Warren Buffett’s latest trades were just revealed via the most recent Berkshire Hathaway Inc. (BRK.B) 13F filing, which is a filing that gives us information on all of the transactions that took place over the second quarter of 2021 — the quarter ending June 30 — in the stock portfolio managed by the legendary investor.

This filing can provide some valuable insight into where Warren Buffett thinks the best investments might lie.

Now, it might not make sense to piggyback on his trades and simply buy and/or sell whatever he has because these filings are generally released 45 days after the most recent quarter ended, but it would appear to be an intelligent move to investigate exactly where the most successful investor of all time is (and isn’t) putting his capital to work.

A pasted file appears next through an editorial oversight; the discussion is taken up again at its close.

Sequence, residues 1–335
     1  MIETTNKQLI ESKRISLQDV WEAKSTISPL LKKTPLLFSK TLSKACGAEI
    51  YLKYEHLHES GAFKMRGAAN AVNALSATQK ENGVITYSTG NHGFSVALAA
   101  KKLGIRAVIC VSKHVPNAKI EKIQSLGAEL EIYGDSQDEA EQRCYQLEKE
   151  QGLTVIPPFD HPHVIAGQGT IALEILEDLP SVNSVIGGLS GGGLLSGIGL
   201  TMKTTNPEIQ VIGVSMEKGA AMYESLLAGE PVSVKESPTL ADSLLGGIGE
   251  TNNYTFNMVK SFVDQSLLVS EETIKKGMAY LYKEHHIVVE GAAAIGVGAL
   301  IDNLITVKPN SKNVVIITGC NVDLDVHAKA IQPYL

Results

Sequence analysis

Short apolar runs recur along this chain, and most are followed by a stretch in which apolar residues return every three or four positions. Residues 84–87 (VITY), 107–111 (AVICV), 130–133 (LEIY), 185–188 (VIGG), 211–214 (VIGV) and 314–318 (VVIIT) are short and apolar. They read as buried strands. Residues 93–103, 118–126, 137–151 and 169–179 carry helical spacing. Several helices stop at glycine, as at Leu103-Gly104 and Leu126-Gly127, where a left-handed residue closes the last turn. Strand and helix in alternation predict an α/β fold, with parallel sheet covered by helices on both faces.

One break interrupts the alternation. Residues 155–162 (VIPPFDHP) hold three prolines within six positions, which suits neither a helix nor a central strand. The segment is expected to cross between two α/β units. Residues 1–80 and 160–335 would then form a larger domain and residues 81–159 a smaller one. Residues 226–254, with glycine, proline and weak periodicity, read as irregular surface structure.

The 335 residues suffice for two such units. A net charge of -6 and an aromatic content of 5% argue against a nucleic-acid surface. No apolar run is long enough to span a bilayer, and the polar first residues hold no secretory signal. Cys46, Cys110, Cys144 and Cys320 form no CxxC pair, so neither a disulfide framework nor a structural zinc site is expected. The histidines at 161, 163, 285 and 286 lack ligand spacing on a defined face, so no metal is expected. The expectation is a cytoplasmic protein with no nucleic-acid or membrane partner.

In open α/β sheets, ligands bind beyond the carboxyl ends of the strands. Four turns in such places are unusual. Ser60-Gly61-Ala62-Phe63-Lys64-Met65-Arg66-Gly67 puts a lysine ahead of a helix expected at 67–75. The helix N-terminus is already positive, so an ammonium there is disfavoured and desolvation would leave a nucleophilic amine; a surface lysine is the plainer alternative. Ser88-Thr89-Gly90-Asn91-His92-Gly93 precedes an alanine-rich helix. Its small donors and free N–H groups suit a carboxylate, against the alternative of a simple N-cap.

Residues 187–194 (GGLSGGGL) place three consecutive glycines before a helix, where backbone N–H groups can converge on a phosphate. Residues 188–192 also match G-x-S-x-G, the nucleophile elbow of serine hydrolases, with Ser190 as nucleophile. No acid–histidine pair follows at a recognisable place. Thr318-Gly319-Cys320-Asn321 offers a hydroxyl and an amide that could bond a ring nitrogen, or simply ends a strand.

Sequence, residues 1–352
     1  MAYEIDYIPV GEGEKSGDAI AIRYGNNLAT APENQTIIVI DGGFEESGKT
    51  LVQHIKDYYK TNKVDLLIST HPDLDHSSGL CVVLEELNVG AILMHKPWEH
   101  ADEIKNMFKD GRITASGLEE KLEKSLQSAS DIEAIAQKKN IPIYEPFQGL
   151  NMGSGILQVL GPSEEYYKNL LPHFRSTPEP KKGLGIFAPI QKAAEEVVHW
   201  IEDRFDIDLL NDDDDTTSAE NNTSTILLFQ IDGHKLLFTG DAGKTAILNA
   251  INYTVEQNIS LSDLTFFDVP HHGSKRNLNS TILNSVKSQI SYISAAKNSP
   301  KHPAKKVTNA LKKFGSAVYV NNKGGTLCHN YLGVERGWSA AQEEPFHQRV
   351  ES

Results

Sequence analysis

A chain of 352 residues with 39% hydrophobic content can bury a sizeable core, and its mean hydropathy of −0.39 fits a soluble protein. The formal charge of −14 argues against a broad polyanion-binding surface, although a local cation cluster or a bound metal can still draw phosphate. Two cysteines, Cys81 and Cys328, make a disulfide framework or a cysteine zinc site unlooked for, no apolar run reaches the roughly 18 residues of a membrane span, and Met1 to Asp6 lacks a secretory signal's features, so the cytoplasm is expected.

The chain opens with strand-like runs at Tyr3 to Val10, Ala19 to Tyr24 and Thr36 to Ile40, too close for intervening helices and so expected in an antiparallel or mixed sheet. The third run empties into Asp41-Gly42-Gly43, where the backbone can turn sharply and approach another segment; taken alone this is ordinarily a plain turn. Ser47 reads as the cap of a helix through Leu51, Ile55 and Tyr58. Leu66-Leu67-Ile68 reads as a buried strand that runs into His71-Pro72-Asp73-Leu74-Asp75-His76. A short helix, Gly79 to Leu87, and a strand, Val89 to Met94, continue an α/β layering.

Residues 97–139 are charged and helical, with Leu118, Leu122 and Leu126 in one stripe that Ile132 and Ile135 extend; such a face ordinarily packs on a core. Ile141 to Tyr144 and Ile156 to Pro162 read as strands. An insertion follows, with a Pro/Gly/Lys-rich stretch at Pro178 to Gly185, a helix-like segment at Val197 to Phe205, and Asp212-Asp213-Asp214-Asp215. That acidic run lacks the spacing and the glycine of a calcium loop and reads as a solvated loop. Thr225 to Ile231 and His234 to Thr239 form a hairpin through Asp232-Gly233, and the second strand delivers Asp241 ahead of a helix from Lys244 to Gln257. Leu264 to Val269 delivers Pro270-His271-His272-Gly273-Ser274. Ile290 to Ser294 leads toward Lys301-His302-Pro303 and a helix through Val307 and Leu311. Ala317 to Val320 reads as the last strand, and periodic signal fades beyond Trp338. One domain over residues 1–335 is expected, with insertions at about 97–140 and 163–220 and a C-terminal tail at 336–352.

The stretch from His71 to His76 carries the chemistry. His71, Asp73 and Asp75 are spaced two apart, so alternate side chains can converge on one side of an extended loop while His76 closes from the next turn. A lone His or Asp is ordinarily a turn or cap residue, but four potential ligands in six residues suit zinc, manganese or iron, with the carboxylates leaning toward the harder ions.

It’s also important to note that Buffett allows two other executives – Todd Combs and Ted Weschler – to authorize smaller transactions, so it’s difficult sometimes to decipher who bought and/or sold what.

Below, I’m going to go over every transaction and give some quick thoughts on each respective company.

I’m going to do my best to infer what each purchase and sale means, but it’s obviously impossible to know exactly what Warren Buffett or his lieutenants were thinking when each transaction was executed.

Let’s take a look!


Purchased 299,854 shares of Aon PLC (AON)
Purchased 10,727,614 shares of Kroger Co. (KR)
Purchased 35,519 shares of RH, Inc. (RH)


Sold 2,340,317 shares of AbbVie Inc. (ABBV)
Sold 13,887,037 shares of Axalta Coating Systems Ltd. (AXTA) – SOLD OUT
Sold 643,022 shares of Biogen Inc. (BIIB) – SOLD OUT
Sold 4,737,961 shares of Bristol-Myers Squibb Co. (BMY)
Sold 548,351 shares of Chevron Corporation (CVX)
Sold 7,000,000 shares of General Motors Company (GM)